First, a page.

Mosses are tiny, green, leafy plants which are often found in damp conditions especially in Central Bog on the Kinson Common. They also occur in moist woodland, on the heathland and on local walls.
The study of mosses requires patience on the part of the observer and it does take time to identify them and to understand their intricate life histories.
A useful way to start is to obtain a basic book. Specialised books tend to be expensive. An essential tool to aid all naturalists in this interesting field is a small folding eye lens. These can be costly to buy and any small magnifying glass will suffice.
Although the Kinson Common is botanically rich in diversity, with almost 400 different types of plants being recorded: surprisingly, even professional botanists and others have only managed to record about 13 species. Recording takes considerable time and this is probably why this fascinating branch of botany is often overlooked.
There are also other considerations to remember. Some of our finest mosses florish well in Central Bog. This area rates as highly as any bogland to be found in the South, including the New Forest.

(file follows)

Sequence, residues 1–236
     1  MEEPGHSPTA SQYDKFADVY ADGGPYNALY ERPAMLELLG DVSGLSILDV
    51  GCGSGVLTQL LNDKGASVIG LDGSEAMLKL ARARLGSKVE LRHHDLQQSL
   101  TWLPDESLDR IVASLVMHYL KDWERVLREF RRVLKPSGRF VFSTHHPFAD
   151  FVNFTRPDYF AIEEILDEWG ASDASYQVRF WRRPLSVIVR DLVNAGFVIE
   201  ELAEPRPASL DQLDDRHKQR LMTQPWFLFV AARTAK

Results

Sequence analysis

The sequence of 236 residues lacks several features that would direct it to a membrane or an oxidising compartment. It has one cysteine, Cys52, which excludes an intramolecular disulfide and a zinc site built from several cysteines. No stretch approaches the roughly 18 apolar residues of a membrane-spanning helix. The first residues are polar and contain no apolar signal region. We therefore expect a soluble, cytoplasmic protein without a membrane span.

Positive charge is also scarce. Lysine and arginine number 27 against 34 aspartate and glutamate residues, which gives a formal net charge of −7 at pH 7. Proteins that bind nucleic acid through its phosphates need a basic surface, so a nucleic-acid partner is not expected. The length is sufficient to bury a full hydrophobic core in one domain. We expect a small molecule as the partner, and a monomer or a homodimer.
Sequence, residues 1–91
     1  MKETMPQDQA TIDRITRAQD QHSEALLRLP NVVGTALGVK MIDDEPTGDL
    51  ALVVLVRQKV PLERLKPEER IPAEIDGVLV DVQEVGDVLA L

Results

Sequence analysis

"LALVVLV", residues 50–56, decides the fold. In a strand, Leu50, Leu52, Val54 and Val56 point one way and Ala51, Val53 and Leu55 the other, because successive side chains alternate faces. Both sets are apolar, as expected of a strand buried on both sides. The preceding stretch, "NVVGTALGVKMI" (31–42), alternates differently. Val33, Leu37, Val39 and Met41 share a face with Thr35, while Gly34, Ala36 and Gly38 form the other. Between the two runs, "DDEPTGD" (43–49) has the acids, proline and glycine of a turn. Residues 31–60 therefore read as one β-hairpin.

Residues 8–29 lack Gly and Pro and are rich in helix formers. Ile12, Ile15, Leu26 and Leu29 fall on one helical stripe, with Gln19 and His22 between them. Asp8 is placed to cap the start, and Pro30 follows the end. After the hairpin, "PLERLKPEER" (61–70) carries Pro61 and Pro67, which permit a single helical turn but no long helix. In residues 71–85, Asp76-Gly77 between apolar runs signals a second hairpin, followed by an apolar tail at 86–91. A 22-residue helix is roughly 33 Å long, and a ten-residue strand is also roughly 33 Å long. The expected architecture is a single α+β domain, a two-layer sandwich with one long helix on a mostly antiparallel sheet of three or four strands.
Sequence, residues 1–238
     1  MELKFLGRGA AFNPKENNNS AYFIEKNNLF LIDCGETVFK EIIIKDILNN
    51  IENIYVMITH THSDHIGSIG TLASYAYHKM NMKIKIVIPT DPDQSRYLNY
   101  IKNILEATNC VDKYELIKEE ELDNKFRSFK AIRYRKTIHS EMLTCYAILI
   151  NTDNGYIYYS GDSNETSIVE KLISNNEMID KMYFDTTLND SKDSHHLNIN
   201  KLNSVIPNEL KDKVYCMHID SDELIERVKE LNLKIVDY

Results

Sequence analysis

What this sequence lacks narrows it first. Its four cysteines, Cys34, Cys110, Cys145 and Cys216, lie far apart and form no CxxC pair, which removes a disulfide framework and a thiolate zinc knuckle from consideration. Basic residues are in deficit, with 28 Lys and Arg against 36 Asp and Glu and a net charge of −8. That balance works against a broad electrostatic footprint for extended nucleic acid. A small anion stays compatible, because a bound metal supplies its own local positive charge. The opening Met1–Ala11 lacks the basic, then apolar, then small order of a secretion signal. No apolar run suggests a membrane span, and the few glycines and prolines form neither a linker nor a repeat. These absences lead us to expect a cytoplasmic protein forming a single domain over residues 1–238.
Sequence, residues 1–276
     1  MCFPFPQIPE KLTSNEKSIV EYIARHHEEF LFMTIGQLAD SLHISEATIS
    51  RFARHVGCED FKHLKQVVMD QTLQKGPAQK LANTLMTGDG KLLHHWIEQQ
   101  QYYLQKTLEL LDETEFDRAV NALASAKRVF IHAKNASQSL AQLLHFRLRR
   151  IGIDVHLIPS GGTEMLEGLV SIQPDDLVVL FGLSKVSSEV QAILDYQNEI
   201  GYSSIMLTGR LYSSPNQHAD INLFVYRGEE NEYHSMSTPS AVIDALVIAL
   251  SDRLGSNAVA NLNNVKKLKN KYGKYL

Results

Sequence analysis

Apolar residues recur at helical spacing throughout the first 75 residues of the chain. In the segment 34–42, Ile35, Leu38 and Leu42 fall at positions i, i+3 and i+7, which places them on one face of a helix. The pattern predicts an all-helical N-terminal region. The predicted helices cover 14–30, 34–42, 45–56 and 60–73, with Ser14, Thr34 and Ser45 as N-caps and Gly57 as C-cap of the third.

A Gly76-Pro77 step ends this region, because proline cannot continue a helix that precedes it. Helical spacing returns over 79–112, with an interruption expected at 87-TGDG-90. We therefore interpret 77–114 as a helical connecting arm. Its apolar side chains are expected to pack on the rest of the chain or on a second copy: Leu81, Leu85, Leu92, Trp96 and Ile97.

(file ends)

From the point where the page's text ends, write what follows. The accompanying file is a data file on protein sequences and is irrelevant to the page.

When exploring bogland areas, one should always be aware of the nature of the ground being walked upon. Coupled to this, bogland holes can be deep and extremely difficult to remove an unsure foot!
For this reason, it is best to explore these areas on a guided walk. If this is not possible, it is always best to explore in pairs on site.
There are probably many more species of mosses to be discovered. If you do find or photograph any interesting mosses, we would be pleased to feature the details and the photographs on this website.
The following list are those mosses which has been recorded to date. Although some have English names, many do not.